Queen Mary, University of London is celebrating its partnership with the Institute of Coding (IoC). In just 12 months, IoC partners have successfully signed-up over 5,000 people onto its leading tech courses at universities across the country.
To date a total of 5,875 people enrolled onto courses, with 175 staff members employed across the IoC university network to drive recruitment and take-up of key courses.
Since its formal launch at the House of Lords in June 2018, there have been 35 IoC supported courses created so far, which includes degrees, modules and hackathons. At Queen Mary, University of London, we successfully launched a new MSc in Artificial Intelligence in September 2018 with a cohort of 38 students and in the year ahead, we will introduce new degree apprenticeships, invite hundreds of students to participate in hackathons and introductory courses for coding novices, and offer professional development opportunities in digital skills for industry.
As well developing new courses, the IoC have appointed 51 people who represent industry, academia and diversity to sit on various IoC boards and steer the work. An Institute of Coding was also set up in Wales in 2018.
Under the Future Projects Fund, funded by the Office for Students, the IoC will soon allocate £2.3million to further proposals from industry and academia to help fill the digital skills gap and support the work of the IoC.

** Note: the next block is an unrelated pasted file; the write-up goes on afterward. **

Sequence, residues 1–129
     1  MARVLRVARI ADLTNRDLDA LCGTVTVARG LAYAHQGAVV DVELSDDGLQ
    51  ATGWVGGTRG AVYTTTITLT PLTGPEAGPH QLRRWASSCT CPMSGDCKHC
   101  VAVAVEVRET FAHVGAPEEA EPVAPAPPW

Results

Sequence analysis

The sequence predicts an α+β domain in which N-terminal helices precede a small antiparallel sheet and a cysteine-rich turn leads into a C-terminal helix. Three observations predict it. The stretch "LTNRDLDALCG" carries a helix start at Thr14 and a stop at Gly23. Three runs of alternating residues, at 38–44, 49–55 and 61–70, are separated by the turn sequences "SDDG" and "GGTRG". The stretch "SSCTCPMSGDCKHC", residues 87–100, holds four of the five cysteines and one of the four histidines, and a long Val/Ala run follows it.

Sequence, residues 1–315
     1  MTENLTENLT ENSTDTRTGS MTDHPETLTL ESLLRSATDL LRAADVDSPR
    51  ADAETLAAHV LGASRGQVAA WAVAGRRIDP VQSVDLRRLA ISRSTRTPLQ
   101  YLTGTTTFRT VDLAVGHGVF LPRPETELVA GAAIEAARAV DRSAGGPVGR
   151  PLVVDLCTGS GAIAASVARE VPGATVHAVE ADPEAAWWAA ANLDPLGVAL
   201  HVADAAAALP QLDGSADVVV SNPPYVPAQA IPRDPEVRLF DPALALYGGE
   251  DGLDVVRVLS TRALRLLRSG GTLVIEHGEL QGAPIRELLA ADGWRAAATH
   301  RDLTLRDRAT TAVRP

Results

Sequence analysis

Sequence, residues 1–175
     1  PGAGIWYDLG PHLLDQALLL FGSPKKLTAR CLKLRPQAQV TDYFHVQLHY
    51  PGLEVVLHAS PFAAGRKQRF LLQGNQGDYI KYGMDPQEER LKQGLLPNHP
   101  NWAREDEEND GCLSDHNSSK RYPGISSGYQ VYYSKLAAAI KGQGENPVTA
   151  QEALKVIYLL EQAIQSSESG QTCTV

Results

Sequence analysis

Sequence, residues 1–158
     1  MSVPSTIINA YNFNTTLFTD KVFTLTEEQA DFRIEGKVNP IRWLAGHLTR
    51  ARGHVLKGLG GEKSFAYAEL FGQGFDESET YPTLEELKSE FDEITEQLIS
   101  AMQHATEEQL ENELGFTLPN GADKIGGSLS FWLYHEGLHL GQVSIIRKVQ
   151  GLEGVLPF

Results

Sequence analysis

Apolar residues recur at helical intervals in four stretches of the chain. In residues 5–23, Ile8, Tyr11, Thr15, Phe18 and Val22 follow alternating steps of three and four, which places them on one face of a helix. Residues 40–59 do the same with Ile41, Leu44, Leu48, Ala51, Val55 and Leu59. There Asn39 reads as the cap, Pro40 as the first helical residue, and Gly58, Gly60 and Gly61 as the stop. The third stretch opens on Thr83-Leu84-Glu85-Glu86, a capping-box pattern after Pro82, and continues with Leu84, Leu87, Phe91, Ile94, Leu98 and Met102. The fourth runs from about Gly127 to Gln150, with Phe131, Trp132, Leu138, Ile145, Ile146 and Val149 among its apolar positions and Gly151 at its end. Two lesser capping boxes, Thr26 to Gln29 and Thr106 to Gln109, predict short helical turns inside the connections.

Rachid Hourizi, Director of the Institute of Coding commented, ‘The Institute of Coding is dedicated to driving digital skills and widening access to high quality learning to thousands of people from all walks of life. After a year of hard work and determination, we’ve made huge progress in tackling the skills shortfall, but there is still much more to do.
It’s vital that industry works closer with the IoC and our academic partners to design and build new courses for graduates and existing employees, spreading opportunity and upskilling workforces across the country.’
Edmund Robinson, Professor of Computer Science and IOC project lead at Queen Mary, University of London added, ‘Queen Mary’s history of teaching practical skills in first Electrical Engineering and then Electronics and Computer Science to students from all walks of life here in the East End of London stretches back over a hundred years to before we became a university. We are proud to be part of this project that fits so well with this long-standing commitment of our own.’